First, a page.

I think that the drill bits themselves are also partly to blame - some drills cut really well from new and others hardly at all. I think that getting decent tiny drills is a pretty hit and miss thing. I was using the Titex drills that I bought in 10 packs at Warley a few years back. I have some 0.31mm drills that are absolutely brilliant but the 0.46mm pack seems basically... not great. I wish I'd bought more of the 0.31mm variety but at the time I had no idea if they were good or bad... and it seems the answer was 50:50 between the two packs. These drills do still break. I'm now down to 6 surviving 0.31mm drills so I'm quite cautious about how I use them.

 

I have had similar experiences with the Titex drills from Warley. The pack of 0.31mm drills are fantastic - I've only broken one so far, but the 0.28mm size are an absolute b*gger - I broke 3 in one modelling session (trying to drill some nickel silver). Luckily I have far more of the 0.28mm than I do of the 0.31mm size! The same trader still had some when I saw his stand at the Doncaster model engineering exhibition last year, but had sold out of some sizes.

 

Andy

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1 hour ago, 2mm Andy said:

 

I have had similar experiences with the Titex drills from Warley. The pack of 0.31mm drills are fantastic - I've only broken one so far, but the 0.28mm size are an absolute b*gger - I broke 3 in one modelling session (trying to drill some nickel silver). Luckily I have far more of the 0.28mm than I do of the 0.31mm size! The same trader still had some when I saw his stand at the Doncaster model engineering exhibition last year, but had sold out of some sizes.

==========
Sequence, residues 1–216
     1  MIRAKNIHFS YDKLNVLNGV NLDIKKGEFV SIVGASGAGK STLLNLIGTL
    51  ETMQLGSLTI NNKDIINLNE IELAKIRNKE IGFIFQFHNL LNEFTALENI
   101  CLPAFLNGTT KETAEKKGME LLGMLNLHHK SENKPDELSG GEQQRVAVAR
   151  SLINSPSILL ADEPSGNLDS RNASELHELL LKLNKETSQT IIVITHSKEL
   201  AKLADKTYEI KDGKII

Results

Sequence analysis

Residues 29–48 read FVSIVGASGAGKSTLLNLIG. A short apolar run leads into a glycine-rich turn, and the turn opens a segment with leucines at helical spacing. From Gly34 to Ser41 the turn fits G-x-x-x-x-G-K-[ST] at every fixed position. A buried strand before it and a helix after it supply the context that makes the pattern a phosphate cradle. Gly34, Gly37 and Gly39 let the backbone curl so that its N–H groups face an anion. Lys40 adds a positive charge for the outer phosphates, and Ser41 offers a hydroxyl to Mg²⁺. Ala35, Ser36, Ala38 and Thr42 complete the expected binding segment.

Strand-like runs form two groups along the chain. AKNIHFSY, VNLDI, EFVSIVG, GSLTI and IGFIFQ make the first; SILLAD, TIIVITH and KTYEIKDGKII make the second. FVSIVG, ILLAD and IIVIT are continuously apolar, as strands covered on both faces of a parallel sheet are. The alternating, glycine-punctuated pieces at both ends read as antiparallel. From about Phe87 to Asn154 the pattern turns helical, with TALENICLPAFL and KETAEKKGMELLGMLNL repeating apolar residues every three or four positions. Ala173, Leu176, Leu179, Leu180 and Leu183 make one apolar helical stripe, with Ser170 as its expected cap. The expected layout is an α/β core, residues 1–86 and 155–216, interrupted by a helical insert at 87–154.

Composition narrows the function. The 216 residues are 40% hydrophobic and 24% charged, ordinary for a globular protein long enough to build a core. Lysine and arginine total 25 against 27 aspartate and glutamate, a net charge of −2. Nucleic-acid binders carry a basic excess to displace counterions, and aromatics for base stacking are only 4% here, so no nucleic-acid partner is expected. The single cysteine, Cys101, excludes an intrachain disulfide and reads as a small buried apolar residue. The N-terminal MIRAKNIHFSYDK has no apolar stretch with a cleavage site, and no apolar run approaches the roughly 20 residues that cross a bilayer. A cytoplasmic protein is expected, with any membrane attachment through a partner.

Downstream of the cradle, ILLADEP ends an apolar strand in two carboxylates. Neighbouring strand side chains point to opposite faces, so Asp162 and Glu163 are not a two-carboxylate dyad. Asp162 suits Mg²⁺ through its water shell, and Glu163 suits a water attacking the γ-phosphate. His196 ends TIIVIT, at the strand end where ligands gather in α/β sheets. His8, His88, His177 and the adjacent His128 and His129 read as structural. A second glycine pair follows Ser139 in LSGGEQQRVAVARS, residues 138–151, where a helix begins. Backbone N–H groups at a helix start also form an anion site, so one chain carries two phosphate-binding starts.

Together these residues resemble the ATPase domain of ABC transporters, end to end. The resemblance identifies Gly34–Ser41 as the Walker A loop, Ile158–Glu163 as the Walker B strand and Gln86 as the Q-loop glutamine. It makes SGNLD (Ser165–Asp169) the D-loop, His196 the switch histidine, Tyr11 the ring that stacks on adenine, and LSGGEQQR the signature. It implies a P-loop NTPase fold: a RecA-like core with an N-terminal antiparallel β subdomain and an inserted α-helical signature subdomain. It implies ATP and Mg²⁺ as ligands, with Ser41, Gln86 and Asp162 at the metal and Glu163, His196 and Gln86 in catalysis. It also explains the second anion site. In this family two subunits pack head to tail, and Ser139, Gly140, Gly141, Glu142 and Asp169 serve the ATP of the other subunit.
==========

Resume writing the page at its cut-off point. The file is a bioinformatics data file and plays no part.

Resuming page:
Glad it's not just me. I saw him at the Midlands Model Engineering show last October but I think he just had big stuff on his stand.

 

Regards, Andy

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I finally bit the bullet and soldered the big lumps onto the boiler. I tried Pete Wright's recommendation of using a little blowtorch but didn't get on with this approach - it just got things too hot, too quickly and I was concerned that it was going to unsolder things. I resorted to the big Antex iron and put up with the stray lumps of solder, cleaning these off afterwards.

P1070359-001.JPG.5985d577f8aaf0977c7d10c9d836e625.JPG

 

I also did the smokebox door hinge. I don't have any suitably sized strip so filed down the end of some MSE 18 thou square rod until it was about 8 thou thick. Pete W recommends adding the hinge straps as a pair so that they are in line and parallel before starting. Again the big iron was deployed with a good deal of scraping and fibreglass brushing afterwards. The hinge pin is 0.3mm Albion Alloys brass rod with two tiny bushes of 0.3 x 0.5mm tube at the top and bottom.

P1070356-001.JPG.11953c4b10ff3df60a69fc1e12113a7f.JPGP1070357-001.JPG.f26ef1e8ae587506b530d76f61f274d6.JPG